To hand over everything you’ve ever written, created or worked on and to be told twice that it’s not good enough is a blow to one’s confidence that simply cannot be understated. Similarly, the powerful undoing of the third analysis that granted an approval which trumps the two previous rejections is a force to be reckoned with.

I feel validated. I feel like less of an idiot for thinking I would be good enough, or talented enough to get this stupid visa in the first place. I feel right.

The relief is also physically palpable. I genuinely feel that a weight has lifted off my shoulders, like a Wile-E.-Coyote-style anvil has just been unstrapped from my back and I can sprint and fly and float.

The self-doubt, the pressure and the inescapable stress of being trapped in limbo is finally gone away. I have room to breathe, to daydream, to plan, to be excited about the future rather than darkly, overwhelmingly uncertain.

A visa is many things. It is a ticket to America, the land of freedom and dreams and pizza burgers. It is a ticket to certain opportunities that are not available in Ireland. It is a ticket to travel, to adventure, to work – to whatever you choose to make of it.

But more than that, for me at least, it is a relief.

I was becoming increasingly consumed by the idea that if I didn’t get this visa I would have to take it as a sign to give up writing. I would have to stay in Ireland, get a masters in something that would get me an entry-level job and get me on the career ladder so that I could start earning money and building a pension fund and begin the next 40 years of my working life.

Read more: J-1 Graduates Visa Experiences

Alternately, getting the visa represented the adventures and creativity and freedom that I really, truly wanted for my twenties. I recognize that this is insane as there are billions of other places I could go to work, travel and explore if this visa fell through – nothing is actually trapping me in Ireland. But without the visa, nothing would be inviting me to leave.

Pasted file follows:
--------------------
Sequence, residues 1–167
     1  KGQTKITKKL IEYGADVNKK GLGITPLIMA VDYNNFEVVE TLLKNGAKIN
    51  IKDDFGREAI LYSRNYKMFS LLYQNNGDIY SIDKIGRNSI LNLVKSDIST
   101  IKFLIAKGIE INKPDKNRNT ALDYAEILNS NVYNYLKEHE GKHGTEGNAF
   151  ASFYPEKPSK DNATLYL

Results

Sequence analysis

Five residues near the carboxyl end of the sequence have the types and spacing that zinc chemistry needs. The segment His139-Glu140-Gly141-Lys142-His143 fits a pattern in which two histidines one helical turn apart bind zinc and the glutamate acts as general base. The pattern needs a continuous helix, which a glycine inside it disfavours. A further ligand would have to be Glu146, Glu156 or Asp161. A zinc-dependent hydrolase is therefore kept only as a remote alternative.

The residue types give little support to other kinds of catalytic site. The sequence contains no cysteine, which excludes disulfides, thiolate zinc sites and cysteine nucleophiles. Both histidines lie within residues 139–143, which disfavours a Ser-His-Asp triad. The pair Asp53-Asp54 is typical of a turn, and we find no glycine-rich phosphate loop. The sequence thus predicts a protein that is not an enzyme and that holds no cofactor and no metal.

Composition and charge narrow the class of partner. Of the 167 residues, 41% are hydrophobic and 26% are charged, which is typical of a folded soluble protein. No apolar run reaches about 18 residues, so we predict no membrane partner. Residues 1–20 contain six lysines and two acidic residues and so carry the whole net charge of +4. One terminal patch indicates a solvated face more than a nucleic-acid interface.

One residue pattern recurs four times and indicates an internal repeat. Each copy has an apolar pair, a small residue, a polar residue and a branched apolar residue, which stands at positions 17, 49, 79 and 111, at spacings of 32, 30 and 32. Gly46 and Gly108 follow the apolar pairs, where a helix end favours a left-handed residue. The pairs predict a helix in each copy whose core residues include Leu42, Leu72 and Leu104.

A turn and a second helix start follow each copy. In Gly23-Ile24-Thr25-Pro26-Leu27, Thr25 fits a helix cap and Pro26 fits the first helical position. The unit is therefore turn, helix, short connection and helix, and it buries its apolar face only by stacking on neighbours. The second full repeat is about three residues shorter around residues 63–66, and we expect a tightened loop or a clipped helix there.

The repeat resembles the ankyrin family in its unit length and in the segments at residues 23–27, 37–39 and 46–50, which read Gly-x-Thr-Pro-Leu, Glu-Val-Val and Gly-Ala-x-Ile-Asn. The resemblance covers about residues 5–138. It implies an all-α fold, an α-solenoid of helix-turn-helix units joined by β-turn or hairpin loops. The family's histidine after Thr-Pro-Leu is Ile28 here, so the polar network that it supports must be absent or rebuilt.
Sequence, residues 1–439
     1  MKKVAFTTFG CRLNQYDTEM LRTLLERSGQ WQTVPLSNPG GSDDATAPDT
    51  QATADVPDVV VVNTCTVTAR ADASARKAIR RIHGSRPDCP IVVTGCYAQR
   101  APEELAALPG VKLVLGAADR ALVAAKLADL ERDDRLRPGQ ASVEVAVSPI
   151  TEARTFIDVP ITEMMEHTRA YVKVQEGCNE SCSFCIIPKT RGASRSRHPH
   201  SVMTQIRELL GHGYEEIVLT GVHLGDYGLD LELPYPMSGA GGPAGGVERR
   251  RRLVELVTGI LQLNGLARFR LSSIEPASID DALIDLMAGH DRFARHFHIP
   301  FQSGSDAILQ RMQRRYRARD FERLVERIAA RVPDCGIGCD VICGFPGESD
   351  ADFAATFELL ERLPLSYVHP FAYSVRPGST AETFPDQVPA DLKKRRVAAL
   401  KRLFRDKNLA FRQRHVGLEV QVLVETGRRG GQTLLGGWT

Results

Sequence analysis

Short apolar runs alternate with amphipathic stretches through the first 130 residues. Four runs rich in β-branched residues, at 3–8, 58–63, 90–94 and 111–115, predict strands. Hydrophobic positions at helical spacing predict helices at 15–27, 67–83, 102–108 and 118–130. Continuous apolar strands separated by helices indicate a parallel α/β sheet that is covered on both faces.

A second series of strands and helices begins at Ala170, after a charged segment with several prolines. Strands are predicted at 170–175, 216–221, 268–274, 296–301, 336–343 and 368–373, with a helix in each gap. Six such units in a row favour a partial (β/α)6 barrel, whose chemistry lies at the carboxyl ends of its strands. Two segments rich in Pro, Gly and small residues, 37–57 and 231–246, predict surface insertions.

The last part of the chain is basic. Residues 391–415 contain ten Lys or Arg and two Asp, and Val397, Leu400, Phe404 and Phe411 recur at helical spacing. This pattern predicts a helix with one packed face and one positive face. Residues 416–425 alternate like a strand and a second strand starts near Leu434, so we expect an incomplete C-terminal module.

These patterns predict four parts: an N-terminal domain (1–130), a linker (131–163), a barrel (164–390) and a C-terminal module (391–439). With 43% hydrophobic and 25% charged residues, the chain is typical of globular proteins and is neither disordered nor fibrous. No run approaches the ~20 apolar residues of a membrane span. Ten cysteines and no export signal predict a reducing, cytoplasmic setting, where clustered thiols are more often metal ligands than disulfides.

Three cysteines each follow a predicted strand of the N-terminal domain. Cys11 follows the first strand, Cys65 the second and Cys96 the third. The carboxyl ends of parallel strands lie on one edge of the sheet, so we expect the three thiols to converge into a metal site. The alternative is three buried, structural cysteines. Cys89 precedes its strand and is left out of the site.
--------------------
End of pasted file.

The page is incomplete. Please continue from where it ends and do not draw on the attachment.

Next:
I have no intention of “leaving” Ireland in the grand sense of the word. It will always be my home, my base-camp, my life HQ.

But now, for the next two years, I have the opportunity to explore a little bit more of America than I had the chance to before. I have the opportunity to gain new skills, new experiences and new talents that I can add to my arsenal of career tools that I’m admittedly not ready to use yet.

I have the freedom to take my time, and to do this whole “life” thing on my own terms. And not just because that is what a visa typically grants, but because that is what it represented to me.

I am still highly unimpressed with how the entire system works, and as a human being having gone through this extremely stressful year I would still advise other human beings to prepare for the dangers and pitfalls of signing yourself up for it. It is expensive and stressful and hard and puts immense pressure on more aspects of your life than you could ever anticipate.

But having finally gotten it, and finally feeling that validation that I craved, the anger of the last year is starting to soften and dissipate. Now the next two years are wide open ahead of me, and I plan to make this whole experience worthwhile.

A special guide for the parents of a J-1 student visiting NYC and retracing their daughter's steps.iStock